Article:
Why Chess Pieces Look As They Do

Originally, chess pieces weren’t abstract at all.  They quite distinctly resembled the things for which they were named.  For example, the king was an obvious king, seated on his throne.  Today, however, the standard chess pieces, which are called Staunton chess pieces, are highly abstract, and someone with no knowledge of the game would ever guess what the pieces should actually be called, with the possible exception of the bishop and, if lucky, the knight, although “horse” would be a more likely answer.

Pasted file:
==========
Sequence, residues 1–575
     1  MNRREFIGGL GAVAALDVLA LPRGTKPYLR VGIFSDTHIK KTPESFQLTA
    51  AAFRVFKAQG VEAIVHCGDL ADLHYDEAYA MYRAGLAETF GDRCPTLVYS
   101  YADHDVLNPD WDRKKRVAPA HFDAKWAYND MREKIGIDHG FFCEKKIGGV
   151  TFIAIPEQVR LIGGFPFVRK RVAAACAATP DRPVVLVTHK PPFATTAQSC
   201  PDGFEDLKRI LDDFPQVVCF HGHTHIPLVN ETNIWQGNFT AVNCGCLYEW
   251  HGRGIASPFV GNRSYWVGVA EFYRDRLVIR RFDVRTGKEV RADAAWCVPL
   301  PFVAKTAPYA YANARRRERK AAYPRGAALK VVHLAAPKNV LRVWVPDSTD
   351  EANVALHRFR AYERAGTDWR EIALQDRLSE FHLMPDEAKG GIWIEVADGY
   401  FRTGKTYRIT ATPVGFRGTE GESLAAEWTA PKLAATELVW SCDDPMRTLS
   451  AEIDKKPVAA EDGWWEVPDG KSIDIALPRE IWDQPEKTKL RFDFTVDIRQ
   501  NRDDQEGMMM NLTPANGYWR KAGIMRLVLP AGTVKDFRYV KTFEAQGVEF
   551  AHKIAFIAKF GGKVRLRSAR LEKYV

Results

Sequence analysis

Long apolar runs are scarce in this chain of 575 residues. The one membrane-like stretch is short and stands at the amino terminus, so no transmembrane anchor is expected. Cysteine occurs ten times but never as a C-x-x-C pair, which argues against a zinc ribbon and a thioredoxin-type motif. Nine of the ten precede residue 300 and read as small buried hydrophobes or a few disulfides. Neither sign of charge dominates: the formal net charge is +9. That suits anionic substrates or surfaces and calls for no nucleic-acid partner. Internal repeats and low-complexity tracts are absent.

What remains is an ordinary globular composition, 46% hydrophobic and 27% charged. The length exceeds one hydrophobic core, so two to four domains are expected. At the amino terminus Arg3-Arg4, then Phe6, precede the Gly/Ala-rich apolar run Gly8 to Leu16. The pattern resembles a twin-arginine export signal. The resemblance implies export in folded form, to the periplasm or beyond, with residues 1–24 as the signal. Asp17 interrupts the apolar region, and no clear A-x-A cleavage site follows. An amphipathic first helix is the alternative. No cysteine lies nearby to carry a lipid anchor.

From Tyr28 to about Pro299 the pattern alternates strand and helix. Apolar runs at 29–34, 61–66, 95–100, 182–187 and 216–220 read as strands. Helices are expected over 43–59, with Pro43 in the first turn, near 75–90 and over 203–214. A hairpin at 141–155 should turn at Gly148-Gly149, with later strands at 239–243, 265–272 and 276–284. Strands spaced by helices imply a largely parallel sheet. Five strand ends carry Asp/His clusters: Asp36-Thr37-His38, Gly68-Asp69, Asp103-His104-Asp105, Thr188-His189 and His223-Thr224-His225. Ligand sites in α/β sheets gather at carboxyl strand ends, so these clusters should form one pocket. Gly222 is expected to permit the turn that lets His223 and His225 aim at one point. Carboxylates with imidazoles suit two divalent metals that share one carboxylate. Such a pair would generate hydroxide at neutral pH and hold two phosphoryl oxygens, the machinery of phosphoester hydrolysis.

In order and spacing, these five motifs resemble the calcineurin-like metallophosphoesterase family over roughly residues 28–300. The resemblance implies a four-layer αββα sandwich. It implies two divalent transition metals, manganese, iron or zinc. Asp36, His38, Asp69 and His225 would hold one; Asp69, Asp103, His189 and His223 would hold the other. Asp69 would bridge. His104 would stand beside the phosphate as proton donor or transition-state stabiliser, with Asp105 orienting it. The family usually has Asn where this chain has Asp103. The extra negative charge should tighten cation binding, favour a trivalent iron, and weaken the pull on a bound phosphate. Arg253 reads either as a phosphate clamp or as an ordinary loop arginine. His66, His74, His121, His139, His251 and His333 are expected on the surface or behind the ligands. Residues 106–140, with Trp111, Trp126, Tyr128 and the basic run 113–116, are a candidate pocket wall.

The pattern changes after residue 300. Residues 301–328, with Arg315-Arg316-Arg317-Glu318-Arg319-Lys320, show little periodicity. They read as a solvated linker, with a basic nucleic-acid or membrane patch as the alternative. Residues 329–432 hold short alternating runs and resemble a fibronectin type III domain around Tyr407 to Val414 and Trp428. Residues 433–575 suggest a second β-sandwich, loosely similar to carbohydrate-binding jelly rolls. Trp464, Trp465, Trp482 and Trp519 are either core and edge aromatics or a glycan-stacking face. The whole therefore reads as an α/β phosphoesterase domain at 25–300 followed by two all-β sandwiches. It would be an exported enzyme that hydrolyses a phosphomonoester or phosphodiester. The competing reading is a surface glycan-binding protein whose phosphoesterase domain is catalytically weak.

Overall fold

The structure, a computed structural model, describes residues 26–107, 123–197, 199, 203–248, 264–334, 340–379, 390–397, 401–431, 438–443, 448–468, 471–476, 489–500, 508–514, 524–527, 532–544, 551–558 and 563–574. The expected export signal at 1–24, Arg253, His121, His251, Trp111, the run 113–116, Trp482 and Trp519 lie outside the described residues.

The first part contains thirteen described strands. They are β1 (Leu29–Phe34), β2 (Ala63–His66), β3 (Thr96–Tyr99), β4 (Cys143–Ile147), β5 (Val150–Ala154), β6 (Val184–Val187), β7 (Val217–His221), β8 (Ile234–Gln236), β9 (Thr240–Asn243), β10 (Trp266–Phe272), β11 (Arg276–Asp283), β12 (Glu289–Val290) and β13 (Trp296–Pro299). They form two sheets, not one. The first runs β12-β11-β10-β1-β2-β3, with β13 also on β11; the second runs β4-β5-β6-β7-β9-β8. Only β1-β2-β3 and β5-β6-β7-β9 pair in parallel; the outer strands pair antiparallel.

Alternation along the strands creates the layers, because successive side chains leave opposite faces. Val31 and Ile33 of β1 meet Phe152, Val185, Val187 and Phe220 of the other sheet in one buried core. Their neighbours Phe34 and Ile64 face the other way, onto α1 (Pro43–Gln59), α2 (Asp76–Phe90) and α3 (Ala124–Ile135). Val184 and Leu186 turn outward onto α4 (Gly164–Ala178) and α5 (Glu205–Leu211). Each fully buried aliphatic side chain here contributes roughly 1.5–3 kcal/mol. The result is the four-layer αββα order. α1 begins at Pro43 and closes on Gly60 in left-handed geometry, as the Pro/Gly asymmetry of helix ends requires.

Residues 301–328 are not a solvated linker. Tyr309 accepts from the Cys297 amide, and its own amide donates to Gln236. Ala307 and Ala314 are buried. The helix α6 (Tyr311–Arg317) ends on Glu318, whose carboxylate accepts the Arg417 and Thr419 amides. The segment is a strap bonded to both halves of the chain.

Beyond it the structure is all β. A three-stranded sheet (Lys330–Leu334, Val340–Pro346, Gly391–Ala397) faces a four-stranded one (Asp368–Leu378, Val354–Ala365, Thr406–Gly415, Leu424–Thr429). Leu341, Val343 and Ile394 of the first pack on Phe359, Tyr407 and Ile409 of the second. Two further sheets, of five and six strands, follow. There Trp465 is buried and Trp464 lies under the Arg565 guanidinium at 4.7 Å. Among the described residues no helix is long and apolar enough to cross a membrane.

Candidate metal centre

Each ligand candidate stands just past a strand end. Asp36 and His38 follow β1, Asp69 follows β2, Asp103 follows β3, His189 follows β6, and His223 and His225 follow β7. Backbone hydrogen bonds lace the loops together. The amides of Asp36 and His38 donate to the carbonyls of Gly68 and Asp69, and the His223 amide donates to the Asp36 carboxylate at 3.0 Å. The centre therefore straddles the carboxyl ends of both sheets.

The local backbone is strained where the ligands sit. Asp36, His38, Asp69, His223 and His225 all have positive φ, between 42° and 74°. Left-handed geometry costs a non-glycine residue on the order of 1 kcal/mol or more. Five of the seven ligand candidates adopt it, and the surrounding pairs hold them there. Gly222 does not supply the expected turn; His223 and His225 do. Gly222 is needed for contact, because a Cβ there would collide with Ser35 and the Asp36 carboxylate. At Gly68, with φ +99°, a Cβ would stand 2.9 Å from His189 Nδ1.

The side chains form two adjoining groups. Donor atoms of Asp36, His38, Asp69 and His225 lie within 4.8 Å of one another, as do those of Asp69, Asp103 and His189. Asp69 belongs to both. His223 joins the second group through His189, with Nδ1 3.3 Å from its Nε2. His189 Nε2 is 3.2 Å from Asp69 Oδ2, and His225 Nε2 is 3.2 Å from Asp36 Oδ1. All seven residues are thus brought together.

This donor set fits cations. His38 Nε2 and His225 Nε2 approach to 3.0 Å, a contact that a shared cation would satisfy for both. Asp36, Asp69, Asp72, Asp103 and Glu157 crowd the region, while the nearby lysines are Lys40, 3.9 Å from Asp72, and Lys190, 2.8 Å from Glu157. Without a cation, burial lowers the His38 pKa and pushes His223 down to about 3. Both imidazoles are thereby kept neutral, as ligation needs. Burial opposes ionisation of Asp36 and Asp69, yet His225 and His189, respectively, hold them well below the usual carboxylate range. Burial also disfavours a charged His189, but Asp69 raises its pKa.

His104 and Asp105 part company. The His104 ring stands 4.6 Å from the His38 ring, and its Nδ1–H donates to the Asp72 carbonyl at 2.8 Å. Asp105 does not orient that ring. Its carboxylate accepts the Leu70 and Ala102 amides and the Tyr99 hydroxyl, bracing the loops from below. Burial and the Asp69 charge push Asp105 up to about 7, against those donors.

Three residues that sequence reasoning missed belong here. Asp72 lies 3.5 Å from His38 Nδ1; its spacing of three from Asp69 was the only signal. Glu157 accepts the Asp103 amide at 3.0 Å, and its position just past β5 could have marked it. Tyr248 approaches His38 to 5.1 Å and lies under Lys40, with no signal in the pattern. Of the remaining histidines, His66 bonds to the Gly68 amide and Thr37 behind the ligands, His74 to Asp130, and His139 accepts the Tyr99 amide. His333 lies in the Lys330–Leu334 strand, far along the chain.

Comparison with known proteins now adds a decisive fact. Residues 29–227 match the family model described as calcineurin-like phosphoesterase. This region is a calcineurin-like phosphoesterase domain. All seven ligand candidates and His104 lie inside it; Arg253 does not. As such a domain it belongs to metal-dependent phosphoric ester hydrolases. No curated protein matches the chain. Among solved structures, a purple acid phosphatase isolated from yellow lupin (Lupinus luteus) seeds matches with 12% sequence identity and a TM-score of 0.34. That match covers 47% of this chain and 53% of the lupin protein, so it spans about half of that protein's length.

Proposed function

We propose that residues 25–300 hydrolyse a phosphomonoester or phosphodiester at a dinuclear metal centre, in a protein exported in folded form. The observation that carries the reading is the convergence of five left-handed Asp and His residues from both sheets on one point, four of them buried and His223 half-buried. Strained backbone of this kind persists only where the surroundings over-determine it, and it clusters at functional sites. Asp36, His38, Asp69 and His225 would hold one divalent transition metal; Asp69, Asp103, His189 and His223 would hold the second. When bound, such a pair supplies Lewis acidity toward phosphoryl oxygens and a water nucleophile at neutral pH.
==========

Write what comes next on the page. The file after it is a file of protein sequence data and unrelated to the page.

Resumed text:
The reason for this is as follows.  Chess originated in India as shatranj.  From there, it reached Europe via the Muslim world.  Islam forbade the depiction of human images, however, and so when the game reached the caliphate, the pieces had to be changed from their original form.  They were made abstract, losing much of their immediate recognizability in the process.  It was in this form that Europeans first discovered chess, and whence they got their ideas of how chess pieces should look.

Certain sets still contained pieces that were more distinct and clearly resembled their namesakes, but by and large, the standard has ever since been abstract pieces, and so it is today.

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